It was six or seven years ago when Susan Craig first came across a statistic that shocked her: “I read that between 20 and 22 American active duty veterans take their own lives every day,” she said. “To me, this is just unacceptable.” For a while, busy with an ailing husband and a move, she could only fume silently. “I made up my mind that as soon as I could do something, I would do something,” she said.
Now that time has come. Craig discovered the work done by the Intrepid Fallen Heroes Fund, a charity started by late New Yorker Zachary Fisher, whose charitable goal was to build accessible world-class treatment centers for returning soldiers with traumatic brain injuries and post-traumatic stress disorders. After building a specialized center in San Antonio, the fund built the National Intrepid Center of Excellence at Walter Reed in Bethesda specifically for research, diagnosis and treatment for the hidden wounds of war.
As Craig did a little research, she uncovered a few more statistics. The Intrepid Fund found that traumatic brain injury actually accounts for 36 percent of all injuries suffered by American service men and women. Previously, many of these injuries were misdiagnosed as post-traumatic stress, although in many cases both disorders are present.
She also learned that more than 90 percent of those treated at the national center and its satellites were able to enjoy a full life, whether in active duty or in a retirement profession.
The other centers built by the fund are at military bases in Virginia, North Carolina, Kentucky, Washington and California, and others are planned for Colorado, Texas and Florida.
Other statistics added to Craig’s resolve to take action. “I found that not a single dime collected goes into administration,” she said. “Every penny raised by the fund goes to build, staff and operate these centers, or otherwise help veterans and their families.” The significant amount—$200 million—earmarked to help veterans has also provided $20 million in grants to families of service men and women killed in action.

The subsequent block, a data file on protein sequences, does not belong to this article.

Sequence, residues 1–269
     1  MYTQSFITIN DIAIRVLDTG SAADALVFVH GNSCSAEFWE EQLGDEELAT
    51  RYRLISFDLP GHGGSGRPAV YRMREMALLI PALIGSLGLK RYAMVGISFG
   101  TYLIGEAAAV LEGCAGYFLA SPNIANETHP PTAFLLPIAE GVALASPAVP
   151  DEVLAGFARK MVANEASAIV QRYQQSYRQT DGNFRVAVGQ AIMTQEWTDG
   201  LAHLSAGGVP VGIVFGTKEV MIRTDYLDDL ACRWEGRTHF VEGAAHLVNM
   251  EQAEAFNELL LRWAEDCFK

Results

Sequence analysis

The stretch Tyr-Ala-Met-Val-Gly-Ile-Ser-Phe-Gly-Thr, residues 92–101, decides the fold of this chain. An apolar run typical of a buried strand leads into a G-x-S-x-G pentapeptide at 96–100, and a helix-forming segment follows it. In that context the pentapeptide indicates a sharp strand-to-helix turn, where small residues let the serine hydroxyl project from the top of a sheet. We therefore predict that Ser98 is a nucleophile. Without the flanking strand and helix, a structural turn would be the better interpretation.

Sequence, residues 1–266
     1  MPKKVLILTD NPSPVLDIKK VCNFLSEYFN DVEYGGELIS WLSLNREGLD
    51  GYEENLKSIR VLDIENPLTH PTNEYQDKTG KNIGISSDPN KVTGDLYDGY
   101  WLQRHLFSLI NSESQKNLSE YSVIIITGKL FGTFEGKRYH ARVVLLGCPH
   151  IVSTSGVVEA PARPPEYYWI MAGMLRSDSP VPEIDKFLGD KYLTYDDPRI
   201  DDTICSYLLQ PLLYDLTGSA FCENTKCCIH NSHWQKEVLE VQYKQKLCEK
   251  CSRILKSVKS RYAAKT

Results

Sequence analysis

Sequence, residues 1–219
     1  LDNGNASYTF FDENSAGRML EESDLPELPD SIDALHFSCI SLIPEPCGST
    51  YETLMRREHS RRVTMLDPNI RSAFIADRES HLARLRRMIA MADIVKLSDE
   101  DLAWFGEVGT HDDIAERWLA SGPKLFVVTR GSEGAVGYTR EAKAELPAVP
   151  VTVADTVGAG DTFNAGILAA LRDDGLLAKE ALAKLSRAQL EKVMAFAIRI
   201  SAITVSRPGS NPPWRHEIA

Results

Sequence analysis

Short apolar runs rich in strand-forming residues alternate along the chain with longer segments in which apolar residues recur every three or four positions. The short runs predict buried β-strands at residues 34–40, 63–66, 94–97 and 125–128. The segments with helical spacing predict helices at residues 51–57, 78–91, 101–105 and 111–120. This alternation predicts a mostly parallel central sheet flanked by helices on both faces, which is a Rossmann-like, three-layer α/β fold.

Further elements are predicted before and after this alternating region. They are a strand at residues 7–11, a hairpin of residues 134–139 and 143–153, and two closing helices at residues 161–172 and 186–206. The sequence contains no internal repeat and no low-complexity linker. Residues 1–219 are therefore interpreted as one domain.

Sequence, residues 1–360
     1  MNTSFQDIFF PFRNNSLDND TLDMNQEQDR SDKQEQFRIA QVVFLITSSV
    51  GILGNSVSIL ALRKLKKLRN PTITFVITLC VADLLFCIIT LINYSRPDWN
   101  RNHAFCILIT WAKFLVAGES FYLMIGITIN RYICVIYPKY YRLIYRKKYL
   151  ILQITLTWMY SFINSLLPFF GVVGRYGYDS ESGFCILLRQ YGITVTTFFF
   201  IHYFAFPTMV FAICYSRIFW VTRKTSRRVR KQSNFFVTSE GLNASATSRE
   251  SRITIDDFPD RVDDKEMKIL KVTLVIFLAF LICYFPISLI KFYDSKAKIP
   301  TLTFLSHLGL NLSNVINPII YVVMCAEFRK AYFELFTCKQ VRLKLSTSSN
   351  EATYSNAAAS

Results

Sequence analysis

Anyone returning from active duty in a conflict area knows exactly what it’s like, but few others do, confirmed Keith Nicoletti, a retired Army Lt. Col. and Craig’s Old Trail neighbor. “I had grown up in the Army and had everything all planned out for me,” he said. “Retiring after 21 years and coming home was a struggle for me, and I hadn’t been wounded.”
He recalled a young woman injured when an incoming explosive device was launched right into the makeshift room where she was taking her lunch break while deployed in Afghanistan.
“She was obviously seriously injured but did not want me to get her to medical care,” he said. “Everyone feels so strongly that they must stay with their fellow soldiers and provide support that they often feel strange and guilty when they survive and come home, even if they have serious wounds, and even when their enlistment is up.”
Add the serious health problems caused by brain injury, amputations, loneliness and poverty, and there are ample reasons why veterans struggle with depression, Nicoletti said.
Nicoletti and Craig see the 90 percent success rate for those treated at the centers established by the fund as encouraging news. Craig is in the process of putting together a raffle to benefit this effort. “Donations are coming in,” she said, including gift baskets, restaurant coupons and a basketball signed by a championship Virginia team. Raffle tickets can be bought at B&B Cleaners in Crozet, or call Craig at 434-205-4503. The drawing will be held at 3 p.m. Sunday, Nov. 11 at Tabor Presbyterian Church.